On June 10, 1995, at 0820 hours Pacific daylight time, a Cessna 172N, N739NN, collided with ground obstructions following a loss of directional control during a rejected takeoff attempt at the Big Bear, California, airport. The aircraft was operated by the El Toro Marine Aero Club, MCAS El Toro, California, and was rented by the pilot for a personal cross-country flight. Visual meteorological conditions prevailed at the time and included calm wind conditions. A visual flight rules flight plan was filed. The aircraft sustained substantial damage. The certificated commercial pilot and two passengers were not injured. The flight originated from MCAS El Toro on the day of the accident at 0730. The accident was reported to the Safety Board on August 17, 1995. Use your browsers 'back' function to return to synopsisReturn to Query Page
The operator's completed written accident report stated that no mechanical malfunctions or failures were identified or claimed by the pilot. The pilot attempted a touch and go at the Big Bear airport and touched down in the first third of the runway. He applied full power, retracted the flaps, and set the mixture control to full rich. During the ground roll, the pilot decided that insufficient runway remained to complete the takeoff and he aborted. The pilot lost directional control, veered off the runway, and collided with a drainage ditch.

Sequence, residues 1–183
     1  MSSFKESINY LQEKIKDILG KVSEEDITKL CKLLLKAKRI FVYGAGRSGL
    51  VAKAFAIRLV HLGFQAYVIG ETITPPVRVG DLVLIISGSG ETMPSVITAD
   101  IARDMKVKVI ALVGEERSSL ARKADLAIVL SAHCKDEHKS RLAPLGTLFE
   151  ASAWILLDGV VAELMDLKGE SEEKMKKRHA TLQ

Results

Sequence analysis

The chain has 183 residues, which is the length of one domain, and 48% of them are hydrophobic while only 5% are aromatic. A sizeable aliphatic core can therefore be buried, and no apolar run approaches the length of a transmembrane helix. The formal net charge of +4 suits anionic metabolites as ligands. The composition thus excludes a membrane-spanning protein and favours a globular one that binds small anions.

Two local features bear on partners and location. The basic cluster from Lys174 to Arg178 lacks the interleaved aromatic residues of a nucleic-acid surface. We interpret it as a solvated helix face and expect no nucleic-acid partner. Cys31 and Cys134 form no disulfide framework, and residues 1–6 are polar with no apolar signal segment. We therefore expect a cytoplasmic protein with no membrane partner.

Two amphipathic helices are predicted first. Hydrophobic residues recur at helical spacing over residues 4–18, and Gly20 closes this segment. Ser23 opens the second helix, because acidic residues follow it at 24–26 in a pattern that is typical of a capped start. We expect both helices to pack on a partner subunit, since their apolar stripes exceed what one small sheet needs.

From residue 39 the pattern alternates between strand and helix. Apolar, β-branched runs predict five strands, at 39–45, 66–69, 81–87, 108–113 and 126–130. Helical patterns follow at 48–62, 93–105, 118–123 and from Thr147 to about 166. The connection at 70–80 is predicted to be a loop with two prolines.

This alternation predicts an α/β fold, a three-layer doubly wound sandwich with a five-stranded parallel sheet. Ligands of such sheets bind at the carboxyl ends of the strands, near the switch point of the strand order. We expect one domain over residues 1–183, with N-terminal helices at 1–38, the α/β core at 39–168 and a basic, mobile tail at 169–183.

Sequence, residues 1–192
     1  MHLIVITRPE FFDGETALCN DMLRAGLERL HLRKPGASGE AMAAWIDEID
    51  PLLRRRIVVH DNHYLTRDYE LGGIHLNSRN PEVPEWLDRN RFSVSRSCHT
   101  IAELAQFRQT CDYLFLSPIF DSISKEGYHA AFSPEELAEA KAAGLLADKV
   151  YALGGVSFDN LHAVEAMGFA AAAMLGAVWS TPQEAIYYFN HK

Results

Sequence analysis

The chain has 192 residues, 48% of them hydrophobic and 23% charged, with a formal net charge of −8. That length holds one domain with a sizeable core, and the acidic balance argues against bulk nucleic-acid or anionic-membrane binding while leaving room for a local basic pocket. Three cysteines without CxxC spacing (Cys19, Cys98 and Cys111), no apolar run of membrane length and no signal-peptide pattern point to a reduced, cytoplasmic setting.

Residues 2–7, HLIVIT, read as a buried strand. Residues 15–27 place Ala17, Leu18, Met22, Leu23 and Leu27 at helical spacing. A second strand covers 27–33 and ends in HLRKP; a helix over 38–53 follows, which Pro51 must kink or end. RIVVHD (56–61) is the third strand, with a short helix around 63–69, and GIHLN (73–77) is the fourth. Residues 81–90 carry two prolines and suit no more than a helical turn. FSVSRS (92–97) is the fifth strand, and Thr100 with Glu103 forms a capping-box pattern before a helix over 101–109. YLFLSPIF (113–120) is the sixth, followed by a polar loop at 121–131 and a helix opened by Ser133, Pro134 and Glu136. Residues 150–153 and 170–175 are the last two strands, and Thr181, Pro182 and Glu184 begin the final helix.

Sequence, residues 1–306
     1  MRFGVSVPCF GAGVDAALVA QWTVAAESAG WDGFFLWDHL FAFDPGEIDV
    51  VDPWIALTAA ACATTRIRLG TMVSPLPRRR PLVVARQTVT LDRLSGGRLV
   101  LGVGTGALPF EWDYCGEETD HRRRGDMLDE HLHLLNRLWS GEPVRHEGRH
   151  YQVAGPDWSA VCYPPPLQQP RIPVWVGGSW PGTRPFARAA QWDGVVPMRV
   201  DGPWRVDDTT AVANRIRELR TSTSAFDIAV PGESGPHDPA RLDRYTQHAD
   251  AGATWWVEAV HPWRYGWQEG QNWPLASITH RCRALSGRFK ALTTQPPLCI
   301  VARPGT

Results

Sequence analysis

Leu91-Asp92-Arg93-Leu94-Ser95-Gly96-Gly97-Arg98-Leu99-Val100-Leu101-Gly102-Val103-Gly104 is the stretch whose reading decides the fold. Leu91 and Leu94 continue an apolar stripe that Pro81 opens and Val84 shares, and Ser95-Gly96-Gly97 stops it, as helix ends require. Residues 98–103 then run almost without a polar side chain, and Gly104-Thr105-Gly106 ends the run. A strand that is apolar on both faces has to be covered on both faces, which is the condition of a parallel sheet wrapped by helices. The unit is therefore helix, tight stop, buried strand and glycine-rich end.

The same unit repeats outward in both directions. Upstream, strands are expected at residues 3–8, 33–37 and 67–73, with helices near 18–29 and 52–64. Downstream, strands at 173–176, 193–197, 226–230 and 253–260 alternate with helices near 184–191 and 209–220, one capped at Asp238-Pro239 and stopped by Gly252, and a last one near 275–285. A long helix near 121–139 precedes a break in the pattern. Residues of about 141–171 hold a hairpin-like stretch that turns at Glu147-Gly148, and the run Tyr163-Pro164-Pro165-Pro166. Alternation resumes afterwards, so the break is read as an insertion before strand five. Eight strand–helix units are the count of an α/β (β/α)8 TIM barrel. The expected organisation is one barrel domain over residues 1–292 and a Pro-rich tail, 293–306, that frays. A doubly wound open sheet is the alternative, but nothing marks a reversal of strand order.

The Big Bear airport is at 6,748 feet mean sea level, and the runway is 5,580 feet long. The density was estimated at 8,900 feet.
The pilot is a military aviator assigned to fly large turbine powered helicopters. He has limited experience with small piston engine airplanes.